Monday, April 9, 2012

Letter to a Writer's Friend...

I did not write this post.  I am not a published author - yet!  But, I hope to be one day.  I found this post really interesting because it lays out how you can be a real friend to your writer friend.  I think sometimes, people that don't write don't understand how lonely writing can be.  It's a very raw professions and salt is regularly poured in the wounds.  I'm not even really an "author" yet, but I've already felt the sting of writing.  

So, this post is a simple "how-to" guide on being friends with an author, or at the very least, a writer.  No, the two are not the same.

Writers, this isn't really a post for you; it's a post for your friends; it's a post you can print out and give to your friends.

Dear Friend of an Author (or writer - I added this...):

Congratulations! You have an author for a friend. And you want to know how you can best support your friend in her career. There are definitely some solid ways to do this.
  1. Attend. When your friend has an event, attend. It might be a book signing at a book store, a party to celebrate the release of a new book, or just a talk at your local church. Attend. Please. And bring other friends with you. You've gone before, you've heard it already. So? Go again. It's about being a friend.

    Writing is a lonely profession. We lock ourselves up in our caves and pour our hearts onto paper and revise and revise and if we are lucky, there's a book at the end of the process. But writing is odd. Our work is not complete without readers. It's both a very private profession and a very public one. And often, we recluses need help with the public portion of this profession.
    • Do not ask: Do you want me to come?

    • What your writer friend hears: I don't want to come, but if you insist, I will.

    • What your writer friend will say: No, no. There's no need for you to come.

    • What your writer friend is hoping: You will come. Period.

  2. Buy. Yes, it's a layout of a few bucks. The equivalent of buying them a cheap fast-food meal. A couple burgers, a fry and a coke. It's important that you buy a book. Why does this matter?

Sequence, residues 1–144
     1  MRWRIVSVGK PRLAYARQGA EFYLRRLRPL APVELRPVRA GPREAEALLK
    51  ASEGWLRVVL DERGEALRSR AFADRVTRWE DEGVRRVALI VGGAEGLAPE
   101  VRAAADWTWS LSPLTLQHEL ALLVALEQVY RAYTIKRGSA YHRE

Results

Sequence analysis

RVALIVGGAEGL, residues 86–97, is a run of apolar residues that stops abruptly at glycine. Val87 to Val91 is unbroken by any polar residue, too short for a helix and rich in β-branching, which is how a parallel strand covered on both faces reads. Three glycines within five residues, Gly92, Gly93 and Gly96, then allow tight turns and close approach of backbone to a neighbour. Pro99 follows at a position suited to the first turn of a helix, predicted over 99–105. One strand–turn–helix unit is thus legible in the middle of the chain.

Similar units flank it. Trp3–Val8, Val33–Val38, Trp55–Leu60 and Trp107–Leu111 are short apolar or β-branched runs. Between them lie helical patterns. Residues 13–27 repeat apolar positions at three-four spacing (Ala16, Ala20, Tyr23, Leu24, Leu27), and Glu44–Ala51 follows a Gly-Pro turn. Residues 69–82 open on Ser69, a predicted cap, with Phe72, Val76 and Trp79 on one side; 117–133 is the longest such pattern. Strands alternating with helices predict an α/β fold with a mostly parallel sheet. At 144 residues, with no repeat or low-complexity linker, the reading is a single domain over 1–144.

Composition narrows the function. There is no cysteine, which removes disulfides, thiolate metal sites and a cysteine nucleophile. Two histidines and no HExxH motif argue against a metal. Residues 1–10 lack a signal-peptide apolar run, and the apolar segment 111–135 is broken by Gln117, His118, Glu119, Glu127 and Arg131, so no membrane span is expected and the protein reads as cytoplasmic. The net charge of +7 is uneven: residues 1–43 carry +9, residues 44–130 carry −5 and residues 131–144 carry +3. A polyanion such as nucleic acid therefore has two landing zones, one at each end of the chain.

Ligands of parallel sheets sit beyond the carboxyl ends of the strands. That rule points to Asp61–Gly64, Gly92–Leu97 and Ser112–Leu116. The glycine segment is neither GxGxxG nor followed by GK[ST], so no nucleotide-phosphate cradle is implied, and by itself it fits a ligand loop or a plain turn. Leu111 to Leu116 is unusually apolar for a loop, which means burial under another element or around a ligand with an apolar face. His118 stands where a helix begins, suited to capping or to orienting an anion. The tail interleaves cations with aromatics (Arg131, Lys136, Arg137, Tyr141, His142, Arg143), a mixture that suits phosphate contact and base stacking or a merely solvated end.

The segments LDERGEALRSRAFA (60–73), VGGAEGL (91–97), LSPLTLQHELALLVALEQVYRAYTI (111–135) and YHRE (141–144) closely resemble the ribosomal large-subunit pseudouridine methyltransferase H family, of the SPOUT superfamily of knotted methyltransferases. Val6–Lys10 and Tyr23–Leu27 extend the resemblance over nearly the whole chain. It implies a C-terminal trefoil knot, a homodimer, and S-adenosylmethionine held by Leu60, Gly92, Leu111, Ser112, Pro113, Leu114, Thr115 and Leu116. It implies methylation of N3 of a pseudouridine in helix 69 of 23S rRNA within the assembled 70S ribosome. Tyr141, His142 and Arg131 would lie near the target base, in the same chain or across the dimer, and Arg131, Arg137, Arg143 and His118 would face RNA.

• Writing isn't complete without the reader (see above).
    • Most writers are paid a royalty, which means it's a percentage of total sales. If a book sells billions, the writer is rich. If it sells only dozens, all that work, all that hope--there's no reward. We are self-employed: no insurance, no paid vacation, no salary, no monetary reward at all. It's not your problem and we don't expect it to ever be your worry. But please, if you are a true friend, buy the book.

    Where to buy?
    Amazon. Unless your friend has a preference, buying on Amazon means the sales rank will go up, which helps other people to find the book. The biggest difficulty we have it reaching people and letting them know our book is available. Buying on Amazon helps.
    At book signings. On the other hand, if there's a book signing you can attend, go. (See above: Attend.)
  3.  Read. Do I have to say it? Apparently, yes. Read the book. At the least, you'll find out something about your friend that you never knew. At best, you may be totally amazed.

  4. Talk. Just as important as buying and perhaps even more important, tell someone about the book. Tell LOTS of someones. Word of mouth--a person telling an acquaintance about a fabulous book--is still the best way to sell books. It has to start somewhere. Why not with you, the Friend of the Author? If your writer friend has postcards, take them and pass them out. Know a librarian, a teacher, or someone in a field related to your friend's book? Combine #2 with this one--give that influential friend a book. Wow. That would be a kind thing for you to do for your writer friend.

    Book Review. Specifically, talk about your friend's book on Amazon, B&N, Goodreads or other social media sites by doing a book review. I know. It's a bit techie to figure out how to post a review. And I know that it's a bit of writing that you would have to do and YOU are not the writer here anyway. But that bit of writing would be greatly appreciated and could really help your friend. If twenty of MY friends wrote reviews of my recent book, I would cry. What a kindness.
  5. Support. In many other small ways, you can support your friend. Listen to them complain about the editorial revisions. Just like when you complain about the technical details of your engineering project, it doesn't matter that you understand. Mostly, your writer friend just needs a friendly ear, just like you need one for your daily woes.

    Ask about progress on a project. Join the writer in dissing the editor who rejected the latest project. Stop by with a cup of coffee and make the writer leave her cave for a 15 minute visit with a real person. Send her a $10 gift certificate to her favorite bookstore, so she can buy that novel that is making the rounds right now. Take an early morning walk with her. Meet her at the library where you will both just sit and read; companionship is important. Take her for a drive in your Miata. Do pedicures together. Sit in a hot tub and drink margaritas. In short, BE a friend. Talk is cheap; friendship costs. The rewards? A true friend (who just might put you in a book some day).

Friend of an Author, you don't know how much that author needs you. Authors are too good at hiding in their caves, at being recluse. But I guarantee: that author needs YOU. Today. Please. Go and be a Friend.


Sincerely,

Darcy Pattison

Novelist, picture book author, blogger, article writer, letter writer, list writer, and hopefully, your friend.




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